Home  »  Poems of Places An Anthology in 31 Volumes  »  Moses on Mount Sinai

Henry Wadsworth Longfellow, ed. Poems of Places: An Anthology in 31 Volumes.
Asia: Vols. XXI–XXIII. 1876–79.

Arabia: Sinai, the Mount

Moses on Mount Sinai

By Richard Monckton Milnes, Lord Houghton (1809–1885)

UP a rough peak, that toward the stormy sky

From Sinai’s sandy ridges rose aloft,

Osarsiph, priest of Hieropolis,

Now Moses named, ascended reverently

To meet and hear the bidding of the Lord.

But, though he knew that all his ancient lore

Traditionary from the birth of Time,

And all that power which waited on his hand,

Even from the day his just instinctive wrath

Had smote the Egyptian ravisher, and all

The wisdom of his calm and ordered mind

Were nothing in the presence of his God,

Yet was there left a certain seed of pride,

Vague consciousness of some self-centred strength,

That made him cry, “Why, Lord, com’st thou to me,

Only a voice, a motion of the air,

A thing invisible, impalpable,

Leaving a void, an unreality,

Within my heart? I would, with every sense,

Know thou wert there,—I would be all in thee!

Let me at least behold thee as thou art;

Disperse this corporal darkness by thy light;

Hallow my vision by thy glorious form,

So that my sense be blest forevermore!”

Thus spoke the Prophet, and the Voice replied,

As in low thunders over distant seas:

“Beneath the height to which thy feet have striven,

A hollow trench divides the cliffs of sand,

Widened by rains and deepened every year.

Gaze straight across it, for there opposite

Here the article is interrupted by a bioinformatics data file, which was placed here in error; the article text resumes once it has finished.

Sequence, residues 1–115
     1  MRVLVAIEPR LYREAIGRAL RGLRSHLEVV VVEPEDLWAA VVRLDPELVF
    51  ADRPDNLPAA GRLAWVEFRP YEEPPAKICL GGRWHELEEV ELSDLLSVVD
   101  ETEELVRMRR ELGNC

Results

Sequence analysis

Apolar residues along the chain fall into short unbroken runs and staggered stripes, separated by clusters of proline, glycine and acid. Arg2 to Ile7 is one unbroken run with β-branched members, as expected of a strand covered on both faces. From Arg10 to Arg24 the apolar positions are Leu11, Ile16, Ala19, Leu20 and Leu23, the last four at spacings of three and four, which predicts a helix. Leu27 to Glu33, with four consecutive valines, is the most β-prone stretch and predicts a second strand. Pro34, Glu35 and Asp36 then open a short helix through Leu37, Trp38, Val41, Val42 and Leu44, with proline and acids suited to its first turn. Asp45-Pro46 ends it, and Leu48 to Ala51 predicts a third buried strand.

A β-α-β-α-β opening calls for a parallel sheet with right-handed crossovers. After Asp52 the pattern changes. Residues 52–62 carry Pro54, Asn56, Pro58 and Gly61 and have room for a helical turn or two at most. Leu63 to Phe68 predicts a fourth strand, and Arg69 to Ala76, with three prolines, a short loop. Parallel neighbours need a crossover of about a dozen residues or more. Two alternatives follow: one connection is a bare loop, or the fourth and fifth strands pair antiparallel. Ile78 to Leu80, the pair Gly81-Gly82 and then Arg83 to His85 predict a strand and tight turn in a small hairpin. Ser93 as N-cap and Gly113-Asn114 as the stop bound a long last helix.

To where thou standest I will place myself,

And then, if such remain thy fixed desire,

I will descend to side by side with thee.”

So Moses gazed across the rocky vale;

And the air darkened, and a lordly bird

Poised in the midst of its long-journeying flight,

And touched his feet with limp and fluttering wings,

And all the air around, above, below,

Was metamorphosed into sound,—such sound

That separate tones were undistinguishable,

And Moses fell upon his face, as dead.

Yet life and consciousness of life returned;

And, when he raised his head, he saw no more

The deep ravine and mountain opposite,

But one large level of distracted rocks,

With the wide desert quaking all around.

Then Moses fell upon his face again,

And prayed,—“O, pardon the presumptuous thought,

That I could look upon thy face and live:

Wonder of wonders! that mine ear has heard

Thy voice unpalsied, and let such great grace

Excuse the audacious blindness that o’erleaps

Nature’s just bounds and thy discerning will!”